Some colleges are fighting back with explicit warnings, more detailed orientations, and classes on how to cite sources - and lawsuits. Boston University sued five on-line "term-paper mills" in 1997. The case was rejected by a federal judge last month. School officials vow to refile.
Last fall, the dean of the school's College of Communication, Brent Baker, wrote a letter to students urging them to protect their "good name" by reviewing carefully the school's code of conduct. To drive home the point, he attached a listing of 13 unnamed cases and the penalties - probation, suspension, and expulsion - meted out.
Likewise, the 152 reports of academic dishonesty for 1997-98 at the University of Southern California in Los Angeles "is higher than previous comparable years beginning in 1991," wrote Sandra Rhoten, assistant dean in the office of student conduct, in a letter in the campus newspaper describing violations and sanctions assessed.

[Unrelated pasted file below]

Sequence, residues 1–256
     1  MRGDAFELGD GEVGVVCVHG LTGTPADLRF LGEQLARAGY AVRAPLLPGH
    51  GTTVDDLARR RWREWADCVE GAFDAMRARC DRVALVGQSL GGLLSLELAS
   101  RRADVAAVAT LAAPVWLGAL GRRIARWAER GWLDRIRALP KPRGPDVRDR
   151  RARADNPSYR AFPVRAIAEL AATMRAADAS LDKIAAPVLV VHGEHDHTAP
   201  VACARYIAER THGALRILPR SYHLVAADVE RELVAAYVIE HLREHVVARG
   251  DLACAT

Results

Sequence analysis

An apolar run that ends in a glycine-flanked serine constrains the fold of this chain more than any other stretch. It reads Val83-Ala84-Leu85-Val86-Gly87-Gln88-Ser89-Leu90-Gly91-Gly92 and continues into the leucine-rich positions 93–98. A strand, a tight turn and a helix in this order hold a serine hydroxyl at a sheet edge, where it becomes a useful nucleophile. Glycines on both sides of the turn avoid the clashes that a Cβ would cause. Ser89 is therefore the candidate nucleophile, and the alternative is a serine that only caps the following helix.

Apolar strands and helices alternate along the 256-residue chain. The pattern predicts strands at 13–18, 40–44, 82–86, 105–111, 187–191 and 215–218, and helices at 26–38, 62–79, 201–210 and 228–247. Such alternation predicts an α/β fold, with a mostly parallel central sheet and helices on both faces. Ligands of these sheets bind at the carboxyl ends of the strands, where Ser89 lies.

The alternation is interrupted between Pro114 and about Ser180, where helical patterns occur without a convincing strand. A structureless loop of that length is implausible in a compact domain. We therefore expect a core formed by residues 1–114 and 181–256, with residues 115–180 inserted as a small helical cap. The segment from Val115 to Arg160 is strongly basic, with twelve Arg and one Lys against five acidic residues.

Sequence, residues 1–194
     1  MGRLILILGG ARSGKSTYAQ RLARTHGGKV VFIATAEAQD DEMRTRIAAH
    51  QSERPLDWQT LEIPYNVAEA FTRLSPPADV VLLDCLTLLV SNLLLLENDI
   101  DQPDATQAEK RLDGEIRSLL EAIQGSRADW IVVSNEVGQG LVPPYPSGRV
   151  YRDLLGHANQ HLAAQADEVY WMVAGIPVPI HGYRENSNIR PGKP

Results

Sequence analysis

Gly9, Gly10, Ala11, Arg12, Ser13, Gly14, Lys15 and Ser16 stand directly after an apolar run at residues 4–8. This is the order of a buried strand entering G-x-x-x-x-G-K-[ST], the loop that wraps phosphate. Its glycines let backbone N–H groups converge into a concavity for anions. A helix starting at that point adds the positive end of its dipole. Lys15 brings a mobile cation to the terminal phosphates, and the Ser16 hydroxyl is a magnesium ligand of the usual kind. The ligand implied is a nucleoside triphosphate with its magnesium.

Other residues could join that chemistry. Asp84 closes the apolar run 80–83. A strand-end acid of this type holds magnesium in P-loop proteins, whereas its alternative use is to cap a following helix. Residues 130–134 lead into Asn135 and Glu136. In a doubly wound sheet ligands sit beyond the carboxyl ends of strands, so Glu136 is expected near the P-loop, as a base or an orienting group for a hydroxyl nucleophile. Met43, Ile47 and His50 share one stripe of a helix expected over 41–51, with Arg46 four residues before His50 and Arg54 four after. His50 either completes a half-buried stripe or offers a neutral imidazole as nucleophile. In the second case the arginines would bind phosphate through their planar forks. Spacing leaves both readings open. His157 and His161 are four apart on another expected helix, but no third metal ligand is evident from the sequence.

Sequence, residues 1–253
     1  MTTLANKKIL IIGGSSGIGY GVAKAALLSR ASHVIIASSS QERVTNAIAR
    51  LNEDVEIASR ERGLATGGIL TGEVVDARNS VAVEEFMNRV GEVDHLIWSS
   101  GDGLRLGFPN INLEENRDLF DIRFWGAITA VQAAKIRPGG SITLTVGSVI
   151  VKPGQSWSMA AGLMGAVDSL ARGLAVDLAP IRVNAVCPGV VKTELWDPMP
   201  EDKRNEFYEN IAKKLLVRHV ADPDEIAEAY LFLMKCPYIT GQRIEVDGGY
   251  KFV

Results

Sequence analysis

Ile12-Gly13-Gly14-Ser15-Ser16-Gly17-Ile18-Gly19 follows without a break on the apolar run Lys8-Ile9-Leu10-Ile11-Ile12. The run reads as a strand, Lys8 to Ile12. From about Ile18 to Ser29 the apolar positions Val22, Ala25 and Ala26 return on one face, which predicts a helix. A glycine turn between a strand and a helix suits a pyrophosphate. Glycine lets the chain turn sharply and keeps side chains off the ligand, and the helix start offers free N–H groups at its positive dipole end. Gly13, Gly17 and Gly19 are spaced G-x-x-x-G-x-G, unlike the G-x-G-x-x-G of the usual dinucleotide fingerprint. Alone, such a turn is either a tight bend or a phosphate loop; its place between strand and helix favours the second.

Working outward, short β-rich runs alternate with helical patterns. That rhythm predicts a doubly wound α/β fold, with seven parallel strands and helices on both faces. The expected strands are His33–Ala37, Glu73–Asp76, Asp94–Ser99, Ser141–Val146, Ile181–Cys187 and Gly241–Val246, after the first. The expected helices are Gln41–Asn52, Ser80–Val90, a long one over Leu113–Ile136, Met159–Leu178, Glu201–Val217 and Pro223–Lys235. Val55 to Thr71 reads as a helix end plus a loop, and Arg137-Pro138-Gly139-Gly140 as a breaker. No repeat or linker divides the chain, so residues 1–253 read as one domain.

"We had a full-blown, two-year campaign [starting in 1995] to educate people about the problem," Ms. Rhoten says in an interview. "Sometimes faculty feel alone in this. We're reassuring them that we take this seriously too."
The expectation of honesty
Being blunt is the idea. Talking about the expectation of honesty is constant. And along with explicit warning shots, freshmen at USC are getting more intensive and detailed training in what constitutes plagiarism and other forms of cheating, Rhoten says.